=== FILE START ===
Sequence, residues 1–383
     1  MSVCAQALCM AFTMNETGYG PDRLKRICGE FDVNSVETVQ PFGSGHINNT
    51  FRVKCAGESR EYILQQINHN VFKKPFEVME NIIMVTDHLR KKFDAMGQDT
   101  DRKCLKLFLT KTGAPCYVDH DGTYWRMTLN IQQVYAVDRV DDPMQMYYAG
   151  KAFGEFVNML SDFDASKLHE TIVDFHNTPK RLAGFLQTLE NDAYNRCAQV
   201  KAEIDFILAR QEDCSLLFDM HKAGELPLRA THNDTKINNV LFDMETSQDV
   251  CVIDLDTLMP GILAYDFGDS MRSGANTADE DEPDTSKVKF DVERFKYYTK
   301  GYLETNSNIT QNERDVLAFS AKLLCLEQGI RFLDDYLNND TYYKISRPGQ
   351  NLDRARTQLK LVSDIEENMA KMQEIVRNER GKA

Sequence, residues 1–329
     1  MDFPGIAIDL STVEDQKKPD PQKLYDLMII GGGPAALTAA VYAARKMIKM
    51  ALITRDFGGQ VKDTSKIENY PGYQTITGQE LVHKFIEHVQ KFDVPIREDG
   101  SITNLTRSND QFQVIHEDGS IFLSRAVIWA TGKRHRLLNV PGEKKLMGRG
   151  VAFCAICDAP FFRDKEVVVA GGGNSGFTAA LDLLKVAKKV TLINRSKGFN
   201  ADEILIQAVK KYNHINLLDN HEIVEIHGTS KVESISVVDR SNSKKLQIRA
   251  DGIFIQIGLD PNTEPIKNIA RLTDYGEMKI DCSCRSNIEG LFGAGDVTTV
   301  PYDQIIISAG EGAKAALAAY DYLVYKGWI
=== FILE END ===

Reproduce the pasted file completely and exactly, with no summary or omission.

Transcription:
Sequence, residues 1–383
     1  MSVCAQALCM AFTMNETGYG PDRLKRICGE FDVNSVETVQ PFGSGHINNT
    51  FRVKCAGESR EYILQQINHN VFKKPFEVME NIIMVTDHLR KKFDAMGQDT
   101  DRKCLKLFLT KTGAPCYVDH DGTYWRMTLN IQQVYAVDRV DDPMQMYYAG
   151  KAFGEFVNML SDFDASKLHE TIVDFHNTPK RLAGFLQTLE NDAYNRCAQV
   201  KAEIDFILAR QEDCSLLFDM HKAGELPLRA THNDTKINNV LFDMETSQDV
   251  CVIDLDTLMP GILAYDFGDS MRSGANTADE DEPDTSKVKF DVERFKYYTK
   301  GYLETNSNIT QNERDVLAFS AKLLCLEQGI RFLDDYLNND TYYKISRPGQ
   351  NLDRARTQLK LVSDIEENMA KMQEIVRNER GKA

Sequence, residues 1–329
     1  MDFPGIAIDL STVEDQKKPD PQKLYDLMII GGGPAALTAA VYAARKMIKM
    51  ALITRDFGGQ VKDTSKIENY PGYQTITGQE LVHKFIEHVQ KFDVPIREDG
   101  SITNLTRSND QFQVIHEDGS IFLSRAVIWA TGKRHRLLNV PGEKKLMGRG
   151  VAFCAICDAP FFRDKEVVVA GGGNSGFTAA LDLLKVAKKV TLINRSKGFN
   201  ADEILIQAVK KYNHINLLDN HEIVEIHGTS KVESISVVDR SNSKKLQIRA
   251  DGIFIQIGLD PNTEPIKNIA RLTDYGEMKI DCSCRSNIEG LFGAGDVTTV
   301  PYDQIIISAG EGAKAALAAY DYLVYKGWI